Mallett, Frederick John

Major Frederick John Mallett, MC

Major Frederick John Mallett, MC began teaching at Upper Canada College in 1914 with an Honour Degree in Science from Downing College, Cambridge.

In 1915 he joined the Royal Engineers as a lieutenant before becoming a signaler seeing action at the Somme (Spring 1917), Ypres (July 1917), Cambrai (November 1917 to March 1918) and Flanders (August 1918). Mallet was hospitalized twice with blood poisoning but served with distinction in the field, being awarded the Military Cross (29 April 1918) and Bar (3 June 1918), and being gazetted Captain.

He returned in 1919 to resume teaching and became deeply involved in the life of the College. He revived the defunct Drama Club and his dramatic flair, enthusiasm and ability inspired the boys. While producing an Arnold Bennett play, he met Miss Jane Keenleyside who became the Jane Mallett still admired by so many on radio and television.

As music improved at UCC Freddie was able to stage the first of many musical shows, The Pirates of Penzance. Robert­son Davies performed in it….

From at least 1921 to 1927 he served with The Queen’s Own Rifles – primarily as Signals Officer. From 1928 to at least 1939 he was on the roll of the QOR 4th Reserve Battalion and then the Corps Reserve of Officers.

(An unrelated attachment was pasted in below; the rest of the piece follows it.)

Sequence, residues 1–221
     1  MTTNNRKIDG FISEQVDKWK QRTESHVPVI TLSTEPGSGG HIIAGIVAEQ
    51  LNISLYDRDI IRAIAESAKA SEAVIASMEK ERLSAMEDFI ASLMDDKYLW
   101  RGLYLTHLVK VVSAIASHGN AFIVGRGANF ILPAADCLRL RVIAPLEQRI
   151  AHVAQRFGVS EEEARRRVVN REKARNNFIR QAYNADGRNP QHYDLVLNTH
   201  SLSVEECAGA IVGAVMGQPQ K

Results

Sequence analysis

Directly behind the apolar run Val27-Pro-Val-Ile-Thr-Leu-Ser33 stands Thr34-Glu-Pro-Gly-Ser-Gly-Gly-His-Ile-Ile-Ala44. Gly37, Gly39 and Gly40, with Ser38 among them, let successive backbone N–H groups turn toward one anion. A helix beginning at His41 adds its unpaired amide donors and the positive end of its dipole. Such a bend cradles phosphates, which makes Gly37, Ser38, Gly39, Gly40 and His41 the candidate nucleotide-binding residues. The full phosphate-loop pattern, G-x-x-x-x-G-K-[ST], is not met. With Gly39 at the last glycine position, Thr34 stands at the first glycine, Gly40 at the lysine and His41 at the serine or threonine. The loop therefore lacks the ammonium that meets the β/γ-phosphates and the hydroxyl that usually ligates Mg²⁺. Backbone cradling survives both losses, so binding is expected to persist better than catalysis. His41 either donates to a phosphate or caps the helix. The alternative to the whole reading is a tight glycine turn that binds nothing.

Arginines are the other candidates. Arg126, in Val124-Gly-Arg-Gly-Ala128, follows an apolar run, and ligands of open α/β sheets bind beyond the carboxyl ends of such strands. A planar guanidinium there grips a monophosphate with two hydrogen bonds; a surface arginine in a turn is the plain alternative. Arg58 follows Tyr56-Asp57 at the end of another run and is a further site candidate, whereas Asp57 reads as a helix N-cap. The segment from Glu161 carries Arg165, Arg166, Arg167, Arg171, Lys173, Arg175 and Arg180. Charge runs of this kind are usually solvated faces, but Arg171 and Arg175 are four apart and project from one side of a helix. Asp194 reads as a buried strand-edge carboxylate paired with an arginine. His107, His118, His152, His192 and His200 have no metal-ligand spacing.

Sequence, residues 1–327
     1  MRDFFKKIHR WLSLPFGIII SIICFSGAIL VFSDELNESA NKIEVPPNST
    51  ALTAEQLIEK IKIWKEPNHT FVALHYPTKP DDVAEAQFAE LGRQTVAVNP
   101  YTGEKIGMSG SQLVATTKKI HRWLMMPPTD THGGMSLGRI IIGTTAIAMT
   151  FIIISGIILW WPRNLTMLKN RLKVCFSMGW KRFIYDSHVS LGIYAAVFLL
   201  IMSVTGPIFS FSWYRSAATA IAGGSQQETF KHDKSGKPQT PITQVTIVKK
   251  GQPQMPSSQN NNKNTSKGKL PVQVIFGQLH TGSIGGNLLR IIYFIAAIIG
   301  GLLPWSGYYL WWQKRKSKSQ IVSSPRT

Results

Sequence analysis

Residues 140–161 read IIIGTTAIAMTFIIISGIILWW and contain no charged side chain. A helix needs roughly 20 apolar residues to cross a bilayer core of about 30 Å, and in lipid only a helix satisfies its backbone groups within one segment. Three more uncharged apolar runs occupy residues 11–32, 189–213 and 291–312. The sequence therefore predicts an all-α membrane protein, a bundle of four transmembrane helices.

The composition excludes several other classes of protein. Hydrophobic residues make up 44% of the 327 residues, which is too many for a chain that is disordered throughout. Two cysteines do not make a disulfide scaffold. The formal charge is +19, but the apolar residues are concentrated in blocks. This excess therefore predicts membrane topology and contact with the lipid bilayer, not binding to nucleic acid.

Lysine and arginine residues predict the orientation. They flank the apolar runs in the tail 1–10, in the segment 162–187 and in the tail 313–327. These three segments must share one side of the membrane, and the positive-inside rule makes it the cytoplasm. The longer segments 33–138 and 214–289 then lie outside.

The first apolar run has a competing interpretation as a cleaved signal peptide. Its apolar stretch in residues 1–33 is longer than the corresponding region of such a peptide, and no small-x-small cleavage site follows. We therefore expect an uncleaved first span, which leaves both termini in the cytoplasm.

With the coming of the second World War he joined the Queen’s Own Rifles and was soon raised to the rank of Major. In a July 1944 Report on Officers, Lieutenant Colonel Baptist Johnston wrote: “Experienced, efficient, industrious, keen, excellent organizing ability.”

In 1942 he became the master in charge of Cadet Battalion and directed it for eleven years until Tom Ainslie took it on. He also became an Honorary Aide de Camp to the Lieutenant Governor.

After forty-one years with the College, Fred wished to retire in 1955, but was persuaded to stay on, teaching Upper School Chemistry part-time despite indifferent health.

Six years later he finally retired, and in 1980 he died.

Excerpts from the 1981 College Times and written by John N. Symons.

 

"In Pace Paratus – In Peace Prepared"